Budget Starter Laptops To Benefit From Intel's Apollo Lake Chips

Intel's Apollo Lake chips promise better Intel's Apollo Lake chips promise better budget-priced Windows 10 laptops. Users will not have to compromise on performance with a starter notebook.

With its new Apollo Lake chip, Intel wants to help PC makers to create budget-priced Windows 10 tablets, laptops and 2-in-1s that are slimmer but more powerful compared to the starter devices currently on the market. The new Intel Apollo Lake system-on-chips will launch sometime in the second half of the current year Intel just revealed this week the first details of their design.

According to the online publication AnandTech, the American high-tech giant Intel talked about Apollo Lake in China, at their IDF Shenzhen conference. The company revealed that the Apollo Lake system-on-chips for PCs are based on a new graphics core featuring Intel's ninth-generation architecture (Gen9) currently used in Skylake processors and the new Atom-based x86 microarchitecture named Goldmont.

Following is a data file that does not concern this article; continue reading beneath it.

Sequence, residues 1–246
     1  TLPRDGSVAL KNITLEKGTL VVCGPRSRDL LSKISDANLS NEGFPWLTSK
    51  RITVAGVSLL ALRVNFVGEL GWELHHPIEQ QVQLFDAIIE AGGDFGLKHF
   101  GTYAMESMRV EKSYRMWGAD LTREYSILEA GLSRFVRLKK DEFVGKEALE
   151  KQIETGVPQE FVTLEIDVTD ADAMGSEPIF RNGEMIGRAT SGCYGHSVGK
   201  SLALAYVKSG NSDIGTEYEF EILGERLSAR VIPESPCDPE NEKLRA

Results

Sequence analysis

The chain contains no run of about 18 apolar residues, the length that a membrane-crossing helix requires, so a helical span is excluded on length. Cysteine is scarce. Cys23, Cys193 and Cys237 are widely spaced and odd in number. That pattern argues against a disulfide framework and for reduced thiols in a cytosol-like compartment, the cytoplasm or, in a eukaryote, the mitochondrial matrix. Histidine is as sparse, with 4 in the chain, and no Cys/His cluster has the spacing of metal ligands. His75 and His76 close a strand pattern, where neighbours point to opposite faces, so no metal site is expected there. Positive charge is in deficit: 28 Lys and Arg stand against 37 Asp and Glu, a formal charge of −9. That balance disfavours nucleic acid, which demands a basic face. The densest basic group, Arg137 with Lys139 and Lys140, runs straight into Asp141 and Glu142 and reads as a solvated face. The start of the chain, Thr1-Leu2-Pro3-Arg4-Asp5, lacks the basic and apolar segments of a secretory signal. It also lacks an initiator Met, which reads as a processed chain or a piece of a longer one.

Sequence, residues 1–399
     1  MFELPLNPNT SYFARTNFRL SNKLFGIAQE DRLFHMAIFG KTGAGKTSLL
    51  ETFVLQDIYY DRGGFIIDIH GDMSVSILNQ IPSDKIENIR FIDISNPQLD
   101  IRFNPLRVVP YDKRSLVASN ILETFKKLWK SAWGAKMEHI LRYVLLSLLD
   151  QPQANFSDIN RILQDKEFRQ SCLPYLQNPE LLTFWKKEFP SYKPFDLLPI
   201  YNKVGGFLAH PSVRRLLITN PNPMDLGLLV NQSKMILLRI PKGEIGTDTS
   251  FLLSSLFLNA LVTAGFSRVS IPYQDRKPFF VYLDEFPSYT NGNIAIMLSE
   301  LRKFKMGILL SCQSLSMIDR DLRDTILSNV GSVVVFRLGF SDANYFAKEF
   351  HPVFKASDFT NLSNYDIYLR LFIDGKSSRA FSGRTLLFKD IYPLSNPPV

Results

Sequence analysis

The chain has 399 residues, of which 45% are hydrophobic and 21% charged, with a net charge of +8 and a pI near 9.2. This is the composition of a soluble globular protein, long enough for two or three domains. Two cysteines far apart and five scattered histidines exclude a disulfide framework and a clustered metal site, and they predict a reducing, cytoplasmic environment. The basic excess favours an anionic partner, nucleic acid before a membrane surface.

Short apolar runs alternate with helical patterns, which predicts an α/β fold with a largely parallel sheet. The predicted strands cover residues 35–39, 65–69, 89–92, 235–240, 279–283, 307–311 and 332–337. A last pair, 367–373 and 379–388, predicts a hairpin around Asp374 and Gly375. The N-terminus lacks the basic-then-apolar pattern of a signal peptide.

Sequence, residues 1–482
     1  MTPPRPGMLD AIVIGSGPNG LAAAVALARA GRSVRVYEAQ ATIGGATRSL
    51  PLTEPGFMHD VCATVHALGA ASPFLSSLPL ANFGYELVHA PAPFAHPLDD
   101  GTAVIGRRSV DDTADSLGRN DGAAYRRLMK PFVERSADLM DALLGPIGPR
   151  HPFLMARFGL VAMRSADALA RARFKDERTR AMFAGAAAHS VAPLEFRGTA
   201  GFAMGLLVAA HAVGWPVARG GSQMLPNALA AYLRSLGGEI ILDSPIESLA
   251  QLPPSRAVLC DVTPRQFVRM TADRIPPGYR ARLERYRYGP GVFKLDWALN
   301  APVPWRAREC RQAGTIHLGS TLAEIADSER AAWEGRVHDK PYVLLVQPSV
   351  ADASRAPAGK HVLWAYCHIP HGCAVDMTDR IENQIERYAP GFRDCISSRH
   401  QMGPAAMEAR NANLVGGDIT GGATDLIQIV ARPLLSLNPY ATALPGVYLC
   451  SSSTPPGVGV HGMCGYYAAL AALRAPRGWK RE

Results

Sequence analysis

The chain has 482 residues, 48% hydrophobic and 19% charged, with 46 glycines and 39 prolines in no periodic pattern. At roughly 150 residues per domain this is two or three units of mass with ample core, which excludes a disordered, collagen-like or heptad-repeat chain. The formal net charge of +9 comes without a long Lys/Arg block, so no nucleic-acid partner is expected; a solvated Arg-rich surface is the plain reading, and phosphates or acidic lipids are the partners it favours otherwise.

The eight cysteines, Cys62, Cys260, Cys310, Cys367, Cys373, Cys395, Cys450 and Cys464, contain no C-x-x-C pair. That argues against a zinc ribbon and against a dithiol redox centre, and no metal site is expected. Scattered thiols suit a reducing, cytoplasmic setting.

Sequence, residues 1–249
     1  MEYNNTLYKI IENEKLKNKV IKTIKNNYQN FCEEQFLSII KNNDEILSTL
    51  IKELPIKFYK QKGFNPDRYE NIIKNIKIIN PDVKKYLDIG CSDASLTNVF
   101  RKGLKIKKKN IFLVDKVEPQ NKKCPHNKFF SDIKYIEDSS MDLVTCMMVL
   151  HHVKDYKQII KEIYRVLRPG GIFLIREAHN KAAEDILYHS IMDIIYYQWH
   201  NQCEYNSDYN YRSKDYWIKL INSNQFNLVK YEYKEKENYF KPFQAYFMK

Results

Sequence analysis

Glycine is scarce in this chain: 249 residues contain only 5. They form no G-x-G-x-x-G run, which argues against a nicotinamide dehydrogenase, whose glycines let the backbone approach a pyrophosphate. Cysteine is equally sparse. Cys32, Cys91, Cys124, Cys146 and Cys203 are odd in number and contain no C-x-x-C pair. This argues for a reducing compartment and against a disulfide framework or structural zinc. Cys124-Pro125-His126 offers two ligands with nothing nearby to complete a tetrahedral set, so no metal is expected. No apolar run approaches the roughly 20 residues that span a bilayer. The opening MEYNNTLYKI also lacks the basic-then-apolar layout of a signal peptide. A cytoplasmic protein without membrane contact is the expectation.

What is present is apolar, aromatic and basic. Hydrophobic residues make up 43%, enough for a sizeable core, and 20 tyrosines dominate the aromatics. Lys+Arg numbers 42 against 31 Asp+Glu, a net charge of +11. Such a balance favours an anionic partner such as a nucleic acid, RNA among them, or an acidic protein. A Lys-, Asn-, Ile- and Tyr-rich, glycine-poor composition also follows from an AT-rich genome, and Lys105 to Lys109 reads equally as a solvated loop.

Intel has not quantified yet the improvements at this stage. However, the high-tech company claims that the new SoCs will be faster in general-purpose tasks due to microarchitectural enhancements. According to Windows Central, budget computers that will use the new Intel chipset technology will be better than the ones currently present in the marketplace.

Entry-level laptops offer at present 18mm thick designs, 32 GB of storage, 2 GB of memory, and more than eight hours of battery life.  OEM computer manufacturer will be able to make systems thinner and increase the storage and memory capacity with the new Intel Apollo Lake.

According to Intel, Apollo Lake also offers opportunities to build 2-in-1 hybrid PCs. All this could be done while maintaining the price tag in the $169 - $269 range.

Engadget reports that the new system-on-a-chip promises to greatly improve the budget PCs category. The chipset is more efficient and more compact and will allow computer manufacturers to use smaller batteries in their systems.

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